The ruling ANC fired 14 mayors accused of illegally investing surpluses in the bank. ANC deputy chairperson in Limpopo' Florence Radzilani, was among those fired for reportedly taking bribes for investing 300m rand of the Vhembe municipality purse into the bank.
In Hamutsha, a village in the northern Vhembe district, water and electricity supplies are scarce as funds were diverted to dubious investments in VBS.
"You must imagine, it's very hot. There's no water so people go to the river to get water," says Aubrey Mulaudzi, a local mechanic who also lost money in the bank.
"The money was there but the politicians are playing around with the lives of the people. Poor people who voted for them don't get services."
The collapse has also hit businesses hard. At Mr Mulaudzi's auto repair shop, a thick layer of dust covers the dozens of cars parked there.
For 25 years, the garage offered repairs to drivers navigating the potholed road through Thohoyandou, 460 kilometres north of Pretoria.
"My father, my mother used to bank there," says Mr Mulaudzi, 56, wiping oil from his hands with a cloth.
Mr Mulaudzi, who started saving with VBS in 1987, lost shares and cash worth $145,000, and is struggling to pay salaries and suppliers.
"It's slowed our performance," he says, adding that he had been forced to lay off half of his 26 workers.
Mr Mulaudzi says that if the money is not recovered, it would end up "killing small businesses like us".
"If we go down, [the unemployed] will be the burden of the government again."
So what happened at VBS?
The collapse of VBS is among a series of corruption scandals in South Africa in recent years. In October last year, a forensic report into VBS showed nearly 2bn rand was embezzled by dozens of bank officials with connections to the ruling ANC.
Also implicated were senior members of the Economic Freedom Fighters, the far left opposition movement calling for the nationalisation of the country’s banks. VBS officials had bribed local municipal officials to bank South African’s money with them. The money did not stay in VBS for long, it was quickly spent on luxury cars, overseas holidays including, for one official implicated, a skiing trip to Alaska.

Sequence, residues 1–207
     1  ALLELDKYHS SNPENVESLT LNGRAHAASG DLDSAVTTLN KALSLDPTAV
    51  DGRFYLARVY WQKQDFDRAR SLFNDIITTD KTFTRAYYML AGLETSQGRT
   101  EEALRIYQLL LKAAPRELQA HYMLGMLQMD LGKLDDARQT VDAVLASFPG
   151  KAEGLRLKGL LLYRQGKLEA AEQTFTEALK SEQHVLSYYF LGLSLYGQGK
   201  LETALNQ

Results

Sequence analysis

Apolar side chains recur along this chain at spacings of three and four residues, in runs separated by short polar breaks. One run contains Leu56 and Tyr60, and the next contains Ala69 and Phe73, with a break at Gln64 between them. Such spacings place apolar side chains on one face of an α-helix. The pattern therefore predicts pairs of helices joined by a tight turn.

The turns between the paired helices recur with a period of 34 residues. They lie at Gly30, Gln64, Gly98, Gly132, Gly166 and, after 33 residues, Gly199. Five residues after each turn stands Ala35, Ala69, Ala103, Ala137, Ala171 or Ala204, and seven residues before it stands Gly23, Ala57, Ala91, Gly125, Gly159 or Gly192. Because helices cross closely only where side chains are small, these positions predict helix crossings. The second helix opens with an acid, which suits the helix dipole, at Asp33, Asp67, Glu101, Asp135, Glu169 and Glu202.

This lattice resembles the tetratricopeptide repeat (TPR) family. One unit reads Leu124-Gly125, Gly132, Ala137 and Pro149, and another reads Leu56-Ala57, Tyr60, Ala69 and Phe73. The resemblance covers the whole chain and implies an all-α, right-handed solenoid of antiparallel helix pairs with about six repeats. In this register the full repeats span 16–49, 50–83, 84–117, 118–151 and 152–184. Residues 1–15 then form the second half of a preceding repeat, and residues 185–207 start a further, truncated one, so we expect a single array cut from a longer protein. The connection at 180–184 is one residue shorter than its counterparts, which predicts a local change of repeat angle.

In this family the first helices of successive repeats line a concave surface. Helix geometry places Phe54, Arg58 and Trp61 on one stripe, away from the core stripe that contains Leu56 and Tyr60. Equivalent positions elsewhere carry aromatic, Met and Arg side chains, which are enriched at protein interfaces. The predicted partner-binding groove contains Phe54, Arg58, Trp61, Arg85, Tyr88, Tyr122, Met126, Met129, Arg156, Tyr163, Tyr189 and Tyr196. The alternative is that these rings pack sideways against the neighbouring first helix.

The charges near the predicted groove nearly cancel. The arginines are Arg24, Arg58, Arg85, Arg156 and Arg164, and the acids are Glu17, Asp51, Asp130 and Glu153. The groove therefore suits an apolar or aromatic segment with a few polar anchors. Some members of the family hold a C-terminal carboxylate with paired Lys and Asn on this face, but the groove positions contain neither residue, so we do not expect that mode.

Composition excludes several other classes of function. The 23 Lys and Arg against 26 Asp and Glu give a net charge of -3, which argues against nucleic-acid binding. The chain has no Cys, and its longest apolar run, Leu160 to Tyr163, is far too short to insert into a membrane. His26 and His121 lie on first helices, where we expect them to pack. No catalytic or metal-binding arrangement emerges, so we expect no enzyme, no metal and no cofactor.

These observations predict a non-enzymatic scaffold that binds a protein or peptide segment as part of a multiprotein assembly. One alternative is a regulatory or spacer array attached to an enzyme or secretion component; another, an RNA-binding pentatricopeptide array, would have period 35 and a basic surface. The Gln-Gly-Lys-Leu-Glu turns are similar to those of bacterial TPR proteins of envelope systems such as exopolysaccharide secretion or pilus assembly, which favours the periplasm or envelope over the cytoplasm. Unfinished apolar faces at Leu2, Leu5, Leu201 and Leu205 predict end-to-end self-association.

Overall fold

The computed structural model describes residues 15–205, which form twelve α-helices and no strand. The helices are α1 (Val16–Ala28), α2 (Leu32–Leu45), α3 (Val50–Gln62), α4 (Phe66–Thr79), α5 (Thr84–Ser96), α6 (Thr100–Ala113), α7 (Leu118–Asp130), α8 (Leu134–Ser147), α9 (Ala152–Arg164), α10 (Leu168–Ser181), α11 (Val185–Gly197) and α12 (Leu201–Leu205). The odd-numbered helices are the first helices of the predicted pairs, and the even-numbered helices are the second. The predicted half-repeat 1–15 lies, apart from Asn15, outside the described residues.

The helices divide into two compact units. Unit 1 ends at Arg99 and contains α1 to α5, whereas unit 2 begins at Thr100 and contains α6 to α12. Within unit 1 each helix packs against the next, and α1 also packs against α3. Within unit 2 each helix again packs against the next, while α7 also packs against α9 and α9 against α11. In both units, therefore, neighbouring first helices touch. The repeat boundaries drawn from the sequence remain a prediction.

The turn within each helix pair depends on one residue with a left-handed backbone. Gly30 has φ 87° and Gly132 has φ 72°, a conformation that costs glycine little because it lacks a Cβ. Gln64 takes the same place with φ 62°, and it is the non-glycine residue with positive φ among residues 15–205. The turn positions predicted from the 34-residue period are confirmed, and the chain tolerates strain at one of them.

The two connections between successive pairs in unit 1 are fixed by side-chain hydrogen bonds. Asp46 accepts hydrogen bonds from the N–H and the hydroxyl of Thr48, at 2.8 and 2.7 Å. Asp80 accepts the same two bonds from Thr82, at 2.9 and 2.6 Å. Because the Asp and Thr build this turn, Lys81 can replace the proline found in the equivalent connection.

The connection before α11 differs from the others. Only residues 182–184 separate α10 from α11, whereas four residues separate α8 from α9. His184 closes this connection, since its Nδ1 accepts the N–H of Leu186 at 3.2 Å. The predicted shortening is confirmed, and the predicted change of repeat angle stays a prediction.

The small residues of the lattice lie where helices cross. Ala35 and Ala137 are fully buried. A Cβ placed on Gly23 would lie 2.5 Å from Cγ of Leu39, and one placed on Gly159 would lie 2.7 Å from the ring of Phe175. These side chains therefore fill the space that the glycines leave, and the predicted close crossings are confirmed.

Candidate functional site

The bank was also in the spotlight when it gave former president Jacob Zuma a 7.8m rand loan to reimburse the state for upgrades to his personal home.
Global auditor KPMG also came under fire over the VBS banking scandal. A South African Reserve Bank investigation published in September said South Africa should seek damages from KPMG for the role it played in the corruption scandal.
Lawyers and forensic investigators were commissioned on behalf of the central bank to investigate VBS after it was placed under curatorship in March. KPMG, which audited the bank's financial results, said it had noted the investigation's publication.
"We will only be in a position to comment once we have studied the full contents of the report," the auditor said at the time.
Advocate Terry Motau, who led the VBS probe, recommended last year that criminal charges be brought against the more than 50 individuals and entities who orchestrated and benefited from the VBS theft.
Mr Motau said in October that the scale of the looting from VBS would not have been possible had KPMG not signed off on the bank's financial results.
Two KPMG partners who had dealings with VBS, Sipho Malaba and Dumi Tshuma, resigned after failing to disclose financial interests in VBS.
Published: March 16, 2019 01:57 PM